College student Eugene Elliott's campaign to save remaining buildings at the old Gates Rubber factory on South Broadway from demolition, the subject of last month's feature "Trouble in the Rubble
," has failed to impress Denver's Landmark Preservation Commission -- which voted 9-0 yesterday not to recommend landmark status for the property because of its highly limited preservation potential and concerns about the "integrity" of the site.
Elliott had filed an application seeking historic protection for the manufacturing plant, a warehouse and power plant, touching off public debate over what should be done with the ruins, which have been vacant for decades. At one point, development company Cherokee Denver had begun razing structures and doing extensive environmental cleanup on the heavily polluted site before losing its funding in the economic meltdown. The Gates Corporation has since reclaimed the property and contended that the buildings need to be taken down in order to address chemical contamination in the soil beneath the foundations.
Elliott's application drew opposition at the public hearing not only from Gates executives but neighborhood groups that had worked extensively on efforts to redevelop the site. "When the plant thrived, we thrived," said Richard Taylor, a 26-year resident of neighboring Athmar Park. "And we can thrive again with the redevelopment of this site."
Elliott, though, contended that Cherokee's plan to turn the forty-acre site into a high-density "urban village" built from the ground up isn't the only possible alternative for development. "How can it be said that you've exhausted all possible options based on one idea?" the University of Colorado senior asked the commission members.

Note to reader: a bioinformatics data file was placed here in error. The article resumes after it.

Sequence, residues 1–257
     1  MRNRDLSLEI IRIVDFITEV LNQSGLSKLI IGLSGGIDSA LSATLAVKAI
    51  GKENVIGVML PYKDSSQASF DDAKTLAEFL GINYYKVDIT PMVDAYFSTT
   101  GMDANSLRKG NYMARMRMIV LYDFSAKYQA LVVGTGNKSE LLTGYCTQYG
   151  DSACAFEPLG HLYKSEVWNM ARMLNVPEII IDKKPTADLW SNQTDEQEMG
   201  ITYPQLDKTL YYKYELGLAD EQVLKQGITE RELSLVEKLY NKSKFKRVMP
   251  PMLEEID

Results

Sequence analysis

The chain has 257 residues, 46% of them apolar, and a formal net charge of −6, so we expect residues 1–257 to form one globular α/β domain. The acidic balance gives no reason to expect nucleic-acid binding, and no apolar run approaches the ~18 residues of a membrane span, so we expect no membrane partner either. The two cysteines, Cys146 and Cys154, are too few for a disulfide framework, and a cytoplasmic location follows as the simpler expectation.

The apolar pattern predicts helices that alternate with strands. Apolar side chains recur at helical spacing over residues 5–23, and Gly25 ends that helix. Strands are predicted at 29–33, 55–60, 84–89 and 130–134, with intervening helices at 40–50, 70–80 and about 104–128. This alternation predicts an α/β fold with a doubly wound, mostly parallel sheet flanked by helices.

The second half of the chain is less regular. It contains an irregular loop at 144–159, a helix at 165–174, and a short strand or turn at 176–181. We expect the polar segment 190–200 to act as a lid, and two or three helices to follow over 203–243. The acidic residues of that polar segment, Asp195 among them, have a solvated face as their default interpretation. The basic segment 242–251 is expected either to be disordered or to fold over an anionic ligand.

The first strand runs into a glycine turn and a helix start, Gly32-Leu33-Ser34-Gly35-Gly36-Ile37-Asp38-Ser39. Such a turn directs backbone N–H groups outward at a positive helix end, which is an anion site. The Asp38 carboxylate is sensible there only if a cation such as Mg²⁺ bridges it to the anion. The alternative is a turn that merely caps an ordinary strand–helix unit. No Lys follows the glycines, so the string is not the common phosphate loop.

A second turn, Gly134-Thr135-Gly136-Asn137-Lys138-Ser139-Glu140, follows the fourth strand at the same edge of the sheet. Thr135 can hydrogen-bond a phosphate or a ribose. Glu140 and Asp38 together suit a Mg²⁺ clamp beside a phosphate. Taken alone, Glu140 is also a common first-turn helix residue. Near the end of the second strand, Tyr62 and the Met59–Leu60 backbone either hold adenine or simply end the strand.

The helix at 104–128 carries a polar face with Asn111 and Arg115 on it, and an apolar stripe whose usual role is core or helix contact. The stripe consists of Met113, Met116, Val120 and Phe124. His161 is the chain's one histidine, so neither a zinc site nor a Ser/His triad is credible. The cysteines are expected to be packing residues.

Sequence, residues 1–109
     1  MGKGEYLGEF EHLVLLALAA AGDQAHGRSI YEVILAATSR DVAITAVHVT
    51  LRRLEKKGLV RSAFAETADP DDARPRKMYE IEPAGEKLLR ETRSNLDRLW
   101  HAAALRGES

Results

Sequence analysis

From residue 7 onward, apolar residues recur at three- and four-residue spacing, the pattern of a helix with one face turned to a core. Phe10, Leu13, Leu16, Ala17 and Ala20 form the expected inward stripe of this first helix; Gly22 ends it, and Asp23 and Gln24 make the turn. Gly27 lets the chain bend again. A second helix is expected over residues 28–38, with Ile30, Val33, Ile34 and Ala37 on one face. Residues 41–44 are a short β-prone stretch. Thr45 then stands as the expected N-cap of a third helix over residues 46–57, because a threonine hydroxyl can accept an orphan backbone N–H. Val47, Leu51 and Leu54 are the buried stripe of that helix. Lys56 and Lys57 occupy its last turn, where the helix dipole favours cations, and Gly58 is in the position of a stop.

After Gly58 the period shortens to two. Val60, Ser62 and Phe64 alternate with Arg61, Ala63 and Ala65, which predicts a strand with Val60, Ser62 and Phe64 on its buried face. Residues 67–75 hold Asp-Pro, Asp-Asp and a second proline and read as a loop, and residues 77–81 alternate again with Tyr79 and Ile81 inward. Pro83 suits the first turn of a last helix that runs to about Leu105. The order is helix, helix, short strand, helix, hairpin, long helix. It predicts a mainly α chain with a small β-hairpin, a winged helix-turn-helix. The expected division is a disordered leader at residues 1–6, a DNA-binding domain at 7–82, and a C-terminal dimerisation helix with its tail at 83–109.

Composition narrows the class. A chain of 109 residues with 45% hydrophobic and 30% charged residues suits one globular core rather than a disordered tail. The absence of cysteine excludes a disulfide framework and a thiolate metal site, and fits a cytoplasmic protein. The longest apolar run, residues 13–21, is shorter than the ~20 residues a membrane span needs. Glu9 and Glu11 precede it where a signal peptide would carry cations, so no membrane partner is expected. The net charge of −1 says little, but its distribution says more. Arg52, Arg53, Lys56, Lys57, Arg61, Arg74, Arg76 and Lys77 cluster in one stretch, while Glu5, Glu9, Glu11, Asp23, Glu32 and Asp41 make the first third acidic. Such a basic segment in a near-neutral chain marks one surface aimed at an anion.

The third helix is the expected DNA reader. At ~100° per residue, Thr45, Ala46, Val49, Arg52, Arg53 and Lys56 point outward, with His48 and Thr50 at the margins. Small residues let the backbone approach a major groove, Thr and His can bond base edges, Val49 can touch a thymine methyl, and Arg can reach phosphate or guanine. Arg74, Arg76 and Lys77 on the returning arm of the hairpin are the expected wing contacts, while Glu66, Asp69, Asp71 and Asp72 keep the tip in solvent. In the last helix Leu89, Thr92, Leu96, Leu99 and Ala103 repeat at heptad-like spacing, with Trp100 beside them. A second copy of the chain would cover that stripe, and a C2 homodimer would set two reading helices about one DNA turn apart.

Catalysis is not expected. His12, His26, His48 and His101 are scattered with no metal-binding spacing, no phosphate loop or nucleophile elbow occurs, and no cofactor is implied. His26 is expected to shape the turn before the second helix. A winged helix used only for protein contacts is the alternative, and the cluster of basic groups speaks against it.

Several of the opponents pointed out that Gates and community groups had already done extensive assessment of the environmental and structural hurdles to preserving the buildings. But other speakers supported Elliott's application, including West Washington Park historian (and former LPC member) Sarah McCarthy.
"I still get grief for letting Montgomery Ward come down in 1990," McCarthy told the panel, referring to the sprawling big-box development that now stands at Alameda and Broadway. "Preservation is a strong value in Denver. Preservation isn't easy, and clearly, some find it frightening."
But Annie Levinsky, executive director of Historic Denver, said her group supported the Gates company's proposal to provide interpretive memorials of some kind within the new development while designating the remaining buildings as "non-historic" and expendable. Commission members acknowledged that the buildings met basic criteria for historic preservation but added that the environmental issues, neighborhood cries for action on the site, and the sheer scale of the deteriorating buildings made Gates a unique case.
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"This is very different from LoDo," noted LPC chairman Dennis Humphries.
The application now goes to Denver City Council, which has the final say on any landmark designation. But it goes with no support from the commission, and councilman Chris Nevitt, whose district includes the Gates property, has vowed to oppose any further impediments in the long struggle to redevelop the site.
Look below for additional views of the Gates factory, and see more in our Gates slideshow.
Continue to see more photos inside and outside the Gates Rubber factory. Continue to see more photos inside and outside the Gates Rubber factory. Continue to see more photos inside and outside the Gates Rubber factory. More from our Environment archive: "Gates factory: Urban explorers still eager to prowl abandoned plant."